Problems worthy of attack prove their worth by hitting back. —Piet Hein

Wednesday, 31 October 2007

Mixing with MD5

MD5 and cryptographic hash functions in general have many uses - not least integrity checking and password storage. They have the property of mixing the input in an unpredictable but deterministic way. This can be very useful - and not just in security applications. Here are two great examples I came across recently: partitioning users into groups for controlled experiments on the web, and Dopplr's colour-coding of cities. Neat.

Moved to Wales

Well the phone line is yet to be enabled, but in the meantime I've got this view to stare at.

Sunday, 14 October 2007

Moving to Wales

Next week we are moving to the Brecon Beacons in Wales. This is a big change for us: I've been living in London for the past 11 years and Eliane for the last 17. But in some ways it's not so big as we both grew up in small towns. We're renting a barn on a hill, and Eliane is already planning the veg patch.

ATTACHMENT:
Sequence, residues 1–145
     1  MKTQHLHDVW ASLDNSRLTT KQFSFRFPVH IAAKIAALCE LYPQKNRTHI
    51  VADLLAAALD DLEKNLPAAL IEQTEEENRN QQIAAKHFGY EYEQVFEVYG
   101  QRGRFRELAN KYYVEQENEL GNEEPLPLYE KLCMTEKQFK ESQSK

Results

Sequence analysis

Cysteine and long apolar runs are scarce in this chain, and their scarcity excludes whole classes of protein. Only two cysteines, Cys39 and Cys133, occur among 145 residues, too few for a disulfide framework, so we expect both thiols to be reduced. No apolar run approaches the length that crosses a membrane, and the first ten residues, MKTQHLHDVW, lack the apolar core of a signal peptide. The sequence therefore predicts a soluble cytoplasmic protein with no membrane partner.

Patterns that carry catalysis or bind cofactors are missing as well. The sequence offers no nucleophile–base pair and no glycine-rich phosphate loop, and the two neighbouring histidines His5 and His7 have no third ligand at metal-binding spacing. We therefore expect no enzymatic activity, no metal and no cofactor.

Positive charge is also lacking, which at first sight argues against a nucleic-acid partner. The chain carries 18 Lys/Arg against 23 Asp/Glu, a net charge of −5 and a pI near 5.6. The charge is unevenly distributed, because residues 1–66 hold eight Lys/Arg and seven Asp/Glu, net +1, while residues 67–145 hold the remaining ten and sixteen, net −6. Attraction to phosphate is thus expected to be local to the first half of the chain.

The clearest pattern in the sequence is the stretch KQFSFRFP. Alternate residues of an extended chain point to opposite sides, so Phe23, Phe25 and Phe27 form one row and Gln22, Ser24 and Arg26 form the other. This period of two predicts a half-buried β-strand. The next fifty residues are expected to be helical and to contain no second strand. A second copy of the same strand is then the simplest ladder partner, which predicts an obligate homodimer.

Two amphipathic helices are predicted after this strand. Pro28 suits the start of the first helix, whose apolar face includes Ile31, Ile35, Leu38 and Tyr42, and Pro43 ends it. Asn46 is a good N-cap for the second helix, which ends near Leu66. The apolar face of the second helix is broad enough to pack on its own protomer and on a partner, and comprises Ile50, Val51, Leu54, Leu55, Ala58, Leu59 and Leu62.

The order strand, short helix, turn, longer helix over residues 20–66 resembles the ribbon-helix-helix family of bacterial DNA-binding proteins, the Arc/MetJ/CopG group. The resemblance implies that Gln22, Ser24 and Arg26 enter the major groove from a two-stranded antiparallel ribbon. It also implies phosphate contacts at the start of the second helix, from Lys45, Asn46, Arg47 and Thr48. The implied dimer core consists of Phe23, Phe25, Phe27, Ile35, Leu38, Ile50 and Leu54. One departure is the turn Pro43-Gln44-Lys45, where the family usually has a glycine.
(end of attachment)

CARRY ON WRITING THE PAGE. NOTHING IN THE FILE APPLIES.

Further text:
Work-wise I shall be leaving Kizoom at the end of November. I am one of the three original members (with Nick Knowles and Mike Storey) of the team that started Kizoom in September 1999, in Nick's library (Islington people have libraries and garages).

After that I shall be working freelance and specializing in Hadoop. The plan is to work from home as much as possible, but I'm realistic about the need to travel to make this happen. So - if you need help with a Hadoop-related project, please get in touch.

Tuesday, 2 October 2007

Zero-width Negative Lookbehind

Mainly for my own reference:

perl -ple 's/(?<![+-\d])(\d+)/\+$1/g'

This will ensure all integers in a string have a leading sign. So for example, "+163, 163, -163" becomes "+163, +163, -163". It works using a zero-width negative lookbehind assertion: in this case the only "163" in the string that matches is the one that is not preceded by a plus sign, a minus sign, or a digit.

This came up at work today (thanks Robin).